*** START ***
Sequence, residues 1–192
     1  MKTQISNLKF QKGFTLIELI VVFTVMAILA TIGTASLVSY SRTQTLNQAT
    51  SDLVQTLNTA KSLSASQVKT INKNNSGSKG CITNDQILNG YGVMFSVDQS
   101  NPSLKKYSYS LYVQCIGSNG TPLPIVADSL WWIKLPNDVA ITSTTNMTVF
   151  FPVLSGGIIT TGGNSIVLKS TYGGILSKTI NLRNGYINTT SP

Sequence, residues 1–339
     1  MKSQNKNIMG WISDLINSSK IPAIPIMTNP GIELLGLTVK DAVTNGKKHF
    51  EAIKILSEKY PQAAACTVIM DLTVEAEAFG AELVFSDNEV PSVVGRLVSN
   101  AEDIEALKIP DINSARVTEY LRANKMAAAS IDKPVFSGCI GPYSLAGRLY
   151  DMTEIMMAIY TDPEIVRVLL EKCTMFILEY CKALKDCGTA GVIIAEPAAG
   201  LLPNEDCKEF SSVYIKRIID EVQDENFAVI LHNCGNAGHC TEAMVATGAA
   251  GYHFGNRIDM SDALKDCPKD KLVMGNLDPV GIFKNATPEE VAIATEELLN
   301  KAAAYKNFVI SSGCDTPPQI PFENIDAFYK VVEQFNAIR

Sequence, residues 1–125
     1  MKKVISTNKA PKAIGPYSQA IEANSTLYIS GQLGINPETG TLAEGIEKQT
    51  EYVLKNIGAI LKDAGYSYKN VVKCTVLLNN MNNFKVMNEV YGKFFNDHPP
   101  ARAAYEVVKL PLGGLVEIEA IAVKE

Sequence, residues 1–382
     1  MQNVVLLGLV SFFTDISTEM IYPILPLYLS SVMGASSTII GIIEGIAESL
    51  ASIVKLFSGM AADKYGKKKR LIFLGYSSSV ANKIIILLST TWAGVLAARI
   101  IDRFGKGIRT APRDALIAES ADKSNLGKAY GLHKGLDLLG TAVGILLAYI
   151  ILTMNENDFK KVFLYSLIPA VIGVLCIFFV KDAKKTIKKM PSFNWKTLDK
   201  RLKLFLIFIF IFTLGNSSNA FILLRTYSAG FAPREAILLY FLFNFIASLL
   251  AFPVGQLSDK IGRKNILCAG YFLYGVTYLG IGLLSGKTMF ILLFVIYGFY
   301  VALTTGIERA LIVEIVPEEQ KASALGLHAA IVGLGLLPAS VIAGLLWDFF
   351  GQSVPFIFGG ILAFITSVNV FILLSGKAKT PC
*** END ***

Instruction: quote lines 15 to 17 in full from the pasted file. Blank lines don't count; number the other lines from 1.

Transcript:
     1  MKKVISTNKA PKAIGPYSQA IEANSTLYIS GQLGINPETG TLAEGIEKQT
    51  EYVLKNIGAI LKDAGYSYKN VVKCTVLLNN MNNFKVMNEV YGKFFNDHPP
   101  ARAAYEVVKL PLGGLVEIEA IAVKE